Sodium oxybate therapy provides multidimensional improvement in fibromyalgia: results of an international phase 3 trial
- 1Rheumatologische Schwerpunktpraxis, Gräfelfing, Germany
- 2Fibromyalgia Research Unit, Oregon Health and Science University, Portland, Oregon, USA
- 3Jazz Pharmaceuticals, Palo Alto, California, USA
- 4Cardiff University School of Medicine, Cardiff, UK
- Correspondence to Michael Spaeth, Rheumatologische Schwerpunktpraxis, Bahnhofstrasse 95, Gräfelfing, Munich 82166, Germany;
Contributors MS, RMB and EHC collected or assembled data. EHC, RMB, CL, MS, BAB and YGW undertook or supervised analysis and interpretation of data. CL conducted statistical analysis. MS, RMB, EHC, BAB and YGW contributed to the writing of the manuscript. All authors had access to the data, contributed substantially to the writing of the report and reviewed and approved the final draft. MS had final responsibility for the decision to submit this manuscript for publication.
- Received 6 July 2011
- Accepted 29 November 2011
- Published Online First 31 January 2012
Background Fibromyalgia is characterised by chronic musculoskeletal pain and multiple symptoms including fatigue, multidimensional function impairment, sleep disturbance and tenderness. Along with pain and fatigue, non-restorative sleep is a core symptom of fibromyalgia. Sodium oxybate (SXB) is thought to reduce non-restorative sleep abnormalities. This study evaluated effects of SXB on fibromyalgia-related pain and other symptoms.
Methods 573 patients with fibromyalgia according to 1990 American College of Rheumatology criteria were enrolled at 108 centres in eight countries. Subjects were randomly assigned to placebo, SXB 4.5 g/night or SXB 6 g/night. The primary efficacy endpoint was the proportion of subjects with ≥30% reduction in pain visual analogue scale from baseline to treatment end. Other efficacy assessments included function, sleep quality, effect of sleep on function, fatigue, tenderness, health-related quality of life and subject's impression of change in overall wellbeing.
Results Significant improvements in pain, sleep and other symptoms associated with fibromyalgia were seen in SXB treated subjects compared with placebo. The proportion of subjects with ≥30% pain reduction was 42.0% for SXB4.5 g/night (p=0.002) and 51.4% for SXB6 g/night (p<0.001) versus 26.8% for placebo. Quality of sleep (Jenkins sleep scale) improved by 20% for SXB4.5 g/night (p≤0.001) and 25% for SXB6 g/night (p≤0.001) versus 0.5% for placebo. Adverse events with an incidence ≥5% and twice placebo were nausea, dizziness, vomiting, insomnia, anxiety, somnolence, fatigue, muscle spasms and peripheral oedema.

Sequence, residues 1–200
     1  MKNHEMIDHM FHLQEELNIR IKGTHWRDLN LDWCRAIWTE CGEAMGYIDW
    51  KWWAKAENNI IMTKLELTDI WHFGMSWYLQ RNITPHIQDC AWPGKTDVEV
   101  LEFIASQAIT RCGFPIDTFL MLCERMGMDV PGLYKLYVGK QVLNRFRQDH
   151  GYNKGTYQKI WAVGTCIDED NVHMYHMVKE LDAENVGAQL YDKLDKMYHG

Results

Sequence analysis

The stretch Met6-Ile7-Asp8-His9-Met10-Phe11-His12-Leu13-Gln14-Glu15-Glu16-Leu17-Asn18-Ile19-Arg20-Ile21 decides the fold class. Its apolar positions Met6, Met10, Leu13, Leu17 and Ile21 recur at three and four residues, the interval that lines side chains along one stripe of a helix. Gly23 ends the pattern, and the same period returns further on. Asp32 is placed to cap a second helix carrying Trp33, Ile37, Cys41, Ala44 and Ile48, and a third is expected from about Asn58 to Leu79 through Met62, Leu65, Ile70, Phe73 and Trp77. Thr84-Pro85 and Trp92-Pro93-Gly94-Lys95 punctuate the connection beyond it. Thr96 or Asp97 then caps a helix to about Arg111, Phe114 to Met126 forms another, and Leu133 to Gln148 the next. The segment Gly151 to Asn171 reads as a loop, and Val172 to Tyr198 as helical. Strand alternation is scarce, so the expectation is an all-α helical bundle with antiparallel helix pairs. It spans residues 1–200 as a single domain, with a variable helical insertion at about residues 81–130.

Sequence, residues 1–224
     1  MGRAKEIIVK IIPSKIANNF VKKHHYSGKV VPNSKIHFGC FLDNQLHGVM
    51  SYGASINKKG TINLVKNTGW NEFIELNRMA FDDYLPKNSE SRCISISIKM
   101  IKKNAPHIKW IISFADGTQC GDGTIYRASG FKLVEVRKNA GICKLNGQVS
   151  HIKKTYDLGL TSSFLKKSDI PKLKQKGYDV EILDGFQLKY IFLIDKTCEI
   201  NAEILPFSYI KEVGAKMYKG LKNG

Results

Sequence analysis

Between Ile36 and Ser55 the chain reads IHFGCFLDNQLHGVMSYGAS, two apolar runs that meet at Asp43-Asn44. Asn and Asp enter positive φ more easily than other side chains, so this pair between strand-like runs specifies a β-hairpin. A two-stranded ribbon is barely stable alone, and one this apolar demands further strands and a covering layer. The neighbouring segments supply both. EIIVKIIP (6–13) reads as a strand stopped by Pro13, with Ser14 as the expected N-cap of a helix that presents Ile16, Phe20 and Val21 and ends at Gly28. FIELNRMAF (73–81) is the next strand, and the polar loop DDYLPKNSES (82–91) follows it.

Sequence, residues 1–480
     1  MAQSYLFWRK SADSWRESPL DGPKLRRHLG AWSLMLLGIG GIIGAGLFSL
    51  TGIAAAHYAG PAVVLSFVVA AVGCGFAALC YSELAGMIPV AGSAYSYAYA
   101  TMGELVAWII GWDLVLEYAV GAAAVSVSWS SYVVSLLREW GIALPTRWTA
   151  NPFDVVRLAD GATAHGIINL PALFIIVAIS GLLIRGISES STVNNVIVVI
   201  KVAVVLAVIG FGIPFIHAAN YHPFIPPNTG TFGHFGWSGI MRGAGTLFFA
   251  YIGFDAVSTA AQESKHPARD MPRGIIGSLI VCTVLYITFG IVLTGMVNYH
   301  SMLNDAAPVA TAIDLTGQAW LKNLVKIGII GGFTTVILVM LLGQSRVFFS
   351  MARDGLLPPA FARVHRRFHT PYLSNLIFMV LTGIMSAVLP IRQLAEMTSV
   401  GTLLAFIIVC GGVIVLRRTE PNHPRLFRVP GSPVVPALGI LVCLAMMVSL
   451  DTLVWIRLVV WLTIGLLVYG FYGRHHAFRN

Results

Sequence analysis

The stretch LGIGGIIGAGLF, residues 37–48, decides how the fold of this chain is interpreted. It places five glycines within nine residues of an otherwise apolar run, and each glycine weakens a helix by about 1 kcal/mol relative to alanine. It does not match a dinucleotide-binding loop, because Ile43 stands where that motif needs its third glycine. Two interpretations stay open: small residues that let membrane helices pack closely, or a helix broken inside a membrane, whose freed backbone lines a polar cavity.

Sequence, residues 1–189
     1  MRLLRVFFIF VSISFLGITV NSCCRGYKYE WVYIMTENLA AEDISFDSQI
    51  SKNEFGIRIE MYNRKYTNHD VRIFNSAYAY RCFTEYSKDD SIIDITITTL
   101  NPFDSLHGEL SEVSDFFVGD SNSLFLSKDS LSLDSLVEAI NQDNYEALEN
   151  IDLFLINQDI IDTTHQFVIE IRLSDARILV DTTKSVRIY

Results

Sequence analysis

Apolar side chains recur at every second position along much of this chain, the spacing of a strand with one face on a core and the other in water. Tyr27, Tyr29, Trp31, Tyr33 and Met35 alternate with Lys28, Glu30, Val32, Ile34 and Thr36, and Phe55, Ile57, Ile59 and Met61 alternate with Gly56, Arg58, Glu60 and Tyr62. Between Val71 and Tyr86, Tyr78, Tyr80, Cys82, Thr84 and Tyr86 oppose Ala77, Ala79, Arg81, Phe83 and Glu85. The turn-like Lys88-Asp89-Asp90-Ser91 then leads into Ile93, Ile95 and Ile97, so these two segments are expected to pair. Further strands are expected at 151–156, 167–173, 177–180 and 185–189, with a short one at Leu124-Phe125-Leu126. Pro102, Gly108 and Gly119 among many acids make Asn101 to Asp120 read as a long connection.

Conclusion These results, combined with findings from previous phase 2 and 3 studies, provide supportive evidence that SXB therapy affordsimportant benefits across multiple symptoms in subjects with fibromyalgia.
Funding This study and report was sponsored and funded by Jazz Pharmaceuticals, Inc.
Competing interests MS, RMB and EHC are consultants to and have received research support from Jazz Pharmaceuticals for this study. MS has also acted as a consultant to Allergan and has been a consultant and participated on the speakers' bureaux of Eli Lilly, Pierre Fabre Médicament, Pfizer and UCB. RMB has also acted as a consultant to Cypress Bioscience, Eli Lilly and Pfizer, and has received research support from Merck and Schwarz Pharma. BAB, YGW and CL are employees and stockholders of Jazz Pharmaceuticals. EHC has also acted as a consultant to and has been a member of the speakers' bureaux of Abbott Laboratories, Chugai Pharma, Eli Lilly, MSD, Pfizer, Pierre Fabre Médicament, Roche and UCB, and has been a consultant to Allergan, AstraZeneca, Boehringer Ingelheim, Chelsea Therapeutics, GlaxoSmithKline, Merrimack Pharmaceutical, Schering Plough, Synovate and UCB Celltech. His institution has received research support from Chelsea Therapeutics, Chugai Pharma, Jazz Pharmaceuticals, MSD, Pfizer, Roche and UCB. The lead/corresponding author had final responsibility for the decision to submit this manuscript for publication.
Ethics approval This study was approved by the ethics committee or institutional review board of each study site.
Patient consent Obtained.
Study investigators France: P Hatron, S Perrot, B Rioult, E Serra, N Cantagrel, M Lanteri-Minet, A Dumolard. Germany: R Alten, U Jaeger, G Neeck, F Petzke, M Spaeth, T Weiss, W Sohn, B Wiedeking, H Zug. Italy: L Bazzichi, P Sarzi Puttini. The Netherlands: M van de Laar, R van Seventer. Poland: J Brzezicki, A Filipowicz-Sosnowska, S Jeka, E Kucharz, W Samborski, M Brzosko. Spain: C Alegre, A Fernandez Nebro, F Francisco, J Gomez-Reino, V Poca, R Queiro, A Rodriguez de la Serna, J Vidal. UK: A Adebajo, A Bhalla, E Choy, D Walker, S Richards, P Taylor, K Adams. USA: P Alder, R DiGiovanni, AE Massey, E Ekman, N Feldman, J Fidelholtz, O Florete, HS Fung, W George, A Goldstein, D Haselwood, D Johnson, L Lavelle, B Long, P Manolukas, V Mehra, D Mehta, L Perez-Limonte, D Sikes, J Silverfield, M Tark, D Weiss, C Wiesenhutter, H Williams, J Winfield, K Hackshaw, G Forde, T Johnson, JK Schwab, M McNett, R Bennett, S Sitar, M Abeles, N Rosenthal, B Cleeremans, M Barber, R Nielsen, R Ziman, M Dempsey, M Colvard, M Liebowitz, J Greenwald, R Staud, A Ellenbogen, P Mease, E Walko, K Willingham, S Silverman, S Choi, J Borders, R Guthrie, T Swick, D Young, R Rauck, T Wade, T Smith, C Curtis, D Ferrera, T Sligh, L Sharp, S Flitman, S Cohen, M Hassman, JD Hudson, R Pucillo, M Hagen, M Dunn.
Provenance and peer review Not commissioned; externally peer reviewed
This paper is freely available online under the BMJ Journals unlocked scheme, see http://ard.bmj.com/info/unlocked.dtl